When it comes to the daily tasks of an interior designer, problem solving is at the top of the list. As design challenges arise, we often find ourselves asking “How can I solve this?”, and then shortly after “How can I make it beautiful?” Perhaps Louis Sullivan said it best: “Form follows function.”
A returning client of ours purchased a penthouse apartment in a Los Angeles high rise, and we were thrilled to take on the project. Our client loves to entertain, so it was no doubt that the dining room had to feel spectacular. Unfortunately, two building-owned mechanical closet doors and the door to the service elevator were smack-dab in the middle of the wall that would act as the dining table’s backdrop. Tasked with making these doors “disappear” as much as possible, we decided to design an art screen that would cover the entire wall.
How would we solve the problem? We’d install a screen to make the doors disappear. How would we make it beautiful? That’s where the hard work begins.
We started out with the notion that this screen should be comprised of mixed materials: metal; glass; shell; and mirror. But what would it look like? How would it be adjusted to permit access to the doors? The progression of some of our sketches (developed over a couple of years!) below help illustrate the journey our screen design took from start to finish.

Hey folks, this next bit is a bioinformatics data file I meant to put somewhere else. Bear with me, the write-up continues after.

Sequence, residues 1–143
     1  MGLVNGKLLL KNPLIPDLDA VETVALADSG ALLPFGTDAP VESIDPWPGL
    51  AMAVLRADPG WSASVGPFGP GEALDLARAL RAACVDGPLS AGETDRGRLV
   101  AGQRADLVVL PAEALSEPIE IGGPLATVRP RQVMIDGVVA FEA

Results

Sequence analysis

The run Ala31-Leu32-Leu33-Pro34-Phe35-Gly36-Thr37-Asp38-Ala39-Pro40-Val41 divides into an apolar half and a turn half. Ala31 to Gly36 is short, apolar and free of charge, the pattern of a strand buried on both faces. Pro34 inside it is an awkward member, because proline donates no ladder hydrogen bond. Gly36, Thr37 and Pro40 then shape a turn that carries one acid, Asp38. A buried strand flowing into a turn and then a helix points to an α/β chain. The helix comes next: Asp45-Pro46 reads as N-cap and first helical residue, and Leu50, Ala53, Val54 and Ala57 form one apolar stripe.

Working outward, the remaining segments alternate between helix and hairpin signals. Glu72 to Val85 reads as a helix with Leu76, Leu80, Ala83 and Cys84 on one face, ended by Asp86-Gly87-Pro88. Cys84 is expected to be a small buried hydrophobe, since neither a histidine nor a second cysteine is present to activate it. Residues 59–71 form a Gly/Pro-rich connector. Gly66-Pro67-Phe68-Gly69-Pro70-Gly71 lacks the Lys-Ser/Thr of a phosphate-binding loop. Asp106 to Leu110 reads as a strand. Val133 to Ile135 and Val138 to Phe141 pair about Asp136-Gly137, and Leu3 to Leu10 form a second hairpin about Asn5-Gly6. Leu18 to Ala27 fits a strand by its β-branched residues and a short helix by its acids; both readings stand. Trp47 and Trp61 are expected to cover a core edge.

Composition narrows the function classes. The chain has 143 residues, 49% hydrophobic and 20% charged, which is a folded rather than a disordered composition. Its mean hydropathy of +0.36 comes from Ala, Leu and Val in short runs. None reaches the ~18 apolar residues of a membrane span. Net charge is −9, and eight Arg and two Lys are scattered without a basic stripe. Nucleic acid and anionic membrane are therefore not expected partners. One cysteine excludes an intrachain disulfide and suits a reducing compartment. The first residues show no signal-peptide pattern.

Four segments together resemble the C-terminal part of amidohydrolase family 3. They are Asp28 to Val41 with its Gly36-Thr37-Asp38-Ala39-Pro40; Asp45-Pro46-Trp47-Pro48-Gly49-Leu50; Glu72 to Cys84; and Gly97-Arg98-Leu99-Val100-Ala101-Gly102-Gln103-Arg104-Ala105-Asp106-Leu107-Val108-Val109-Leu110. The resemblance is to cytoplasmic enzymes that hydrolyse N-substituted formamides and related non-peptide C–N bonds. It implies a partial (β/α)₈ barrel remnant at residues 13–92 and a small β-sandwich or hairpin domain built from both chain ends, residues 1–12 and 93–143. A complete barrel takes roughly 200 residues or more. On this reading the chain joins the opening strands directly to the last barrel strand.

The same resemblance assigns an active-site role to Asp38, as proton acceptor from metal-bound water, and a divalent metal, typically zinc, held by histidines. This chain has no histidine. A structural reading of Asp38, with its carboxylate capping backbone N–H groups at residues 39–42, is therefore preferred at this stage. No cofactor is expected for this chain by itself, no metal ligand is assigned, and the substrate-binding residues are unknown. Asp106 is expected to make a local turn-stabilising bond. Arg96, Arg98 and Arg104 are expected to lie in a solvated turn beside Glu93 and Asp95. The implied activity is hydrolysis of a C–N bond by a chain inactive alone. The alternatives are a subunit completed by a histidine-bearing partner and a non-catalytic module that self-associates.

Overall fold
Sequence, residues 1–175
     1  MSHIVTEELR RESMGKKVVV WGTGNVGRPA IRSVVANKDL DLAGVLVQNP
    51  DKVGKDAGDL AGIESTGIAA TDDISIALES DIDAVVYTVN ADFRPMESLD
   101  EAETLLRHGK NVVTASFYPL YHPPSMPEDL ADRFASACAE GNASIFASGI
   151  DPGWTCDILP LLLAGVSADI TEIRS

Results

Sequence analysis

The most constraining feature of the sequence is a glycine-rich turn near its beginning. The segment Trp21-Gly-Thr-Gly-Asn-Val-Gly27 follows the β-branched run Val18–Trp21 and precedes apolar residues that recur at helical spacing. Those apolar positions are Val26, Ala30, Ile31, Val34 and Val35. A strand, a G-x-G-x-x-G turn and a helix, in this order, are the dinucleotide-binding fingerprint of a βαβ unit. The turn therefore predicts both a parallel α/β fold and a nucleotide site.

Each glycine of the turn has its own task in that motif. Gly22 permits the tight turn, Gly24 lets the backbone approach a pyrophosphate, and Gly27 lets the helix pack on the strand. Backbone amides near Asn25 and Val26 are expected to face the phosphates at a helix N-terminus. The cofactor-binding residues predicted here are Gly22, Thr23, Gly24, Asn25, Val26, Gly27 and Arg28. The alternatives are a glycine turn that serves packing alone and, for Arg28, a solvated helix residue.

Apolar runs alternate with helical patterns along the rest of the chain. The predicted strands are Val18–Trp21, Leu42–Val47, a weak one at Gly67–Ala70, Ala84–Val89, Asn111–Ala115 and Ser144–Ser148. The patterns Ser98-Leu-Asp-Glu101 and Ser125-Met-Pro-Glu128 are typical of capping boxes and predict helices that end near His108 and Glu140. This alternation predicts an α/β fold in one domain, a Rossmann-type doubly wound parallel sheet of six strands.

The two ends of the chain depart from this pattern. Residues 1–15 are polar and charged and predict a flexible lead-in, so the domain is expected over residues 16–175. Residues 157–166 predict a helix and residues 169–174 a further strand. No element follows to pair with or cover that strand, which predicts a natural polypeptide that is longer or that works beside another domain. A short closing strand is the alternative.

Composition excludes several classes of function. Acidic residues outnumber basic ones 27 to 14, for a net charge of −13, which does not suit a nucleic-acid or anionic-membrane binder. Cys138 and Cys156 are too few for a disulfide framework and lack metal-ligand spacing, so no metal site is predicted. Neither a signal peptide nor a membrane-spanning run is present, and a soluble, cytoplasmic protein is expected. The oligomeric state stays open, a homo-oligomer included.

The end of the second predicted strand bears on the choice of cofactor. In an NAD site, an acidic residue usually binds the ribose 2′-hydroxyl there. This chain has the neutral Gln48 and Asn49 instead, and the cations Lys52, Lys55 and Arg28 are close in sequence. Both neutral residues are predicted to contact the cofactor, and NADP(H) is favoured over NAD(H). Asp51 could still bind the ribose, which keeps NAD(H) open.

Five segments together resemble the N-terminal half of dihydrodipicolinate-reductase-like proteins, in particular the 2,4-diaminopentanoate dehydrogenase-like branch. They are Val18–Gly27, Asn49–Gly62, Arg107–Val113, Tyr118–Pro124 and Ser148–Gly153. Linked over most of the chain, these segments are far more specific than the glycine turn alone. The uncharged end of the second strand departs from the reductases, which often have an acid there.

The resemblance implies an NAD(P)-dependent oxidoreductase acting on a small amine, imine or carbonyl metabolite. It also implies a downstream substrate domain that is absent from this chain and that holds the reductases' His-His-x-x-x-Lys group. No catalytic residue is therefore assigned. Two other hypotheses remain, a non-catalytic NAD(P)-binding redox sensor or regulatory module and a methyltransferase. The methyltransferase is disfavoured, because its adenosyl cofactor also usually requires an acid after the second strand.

In the end, we settled on a series of columns, made up of clusters of iron rings, which would sit in front of the wall at varying depths to help aid the door disappearing act! The iron rings would act almost as a diamond setting to the various mesmerizing materials within them. The stars of the show are the Seguso-made Venetian glass discs, which were created in 3 of the many glass patterns they offer. But they’re not the only jaw-droppers in the mix. Artistic Tile created both black and white mother of pearl discs that add some glamorous elements of nature. To top it off, we also incorporated antiqued mirror and magnifying glass.
Since this screen was going to live in earthquake country, it was important for it to be secure! The columns in front of the walls were attached to the floor and ceiling. But we couldn’t follow this same procedure in front of the doors without blocking access to them. Therefore, the columns in front of the doors were attached directly to the doors and the wall space above them.
Murray’s Ironworks created the screen frame for us, assembled it with all of the pieces, added the beautiful silvered finish, and installed it on site. It certainly took a village, but the dazzling outcome was more than worth it!
Screen Fabrication and Installation: Murray’s Iron Works
Glass Disc Inserts: Seguso
Mother of Pearl Disc Inserts: Artistic Tile
Wallpaper Behind Screen: Phillip Jeffries by Holly Hunt
Photography: Art Gray
View the entire project here.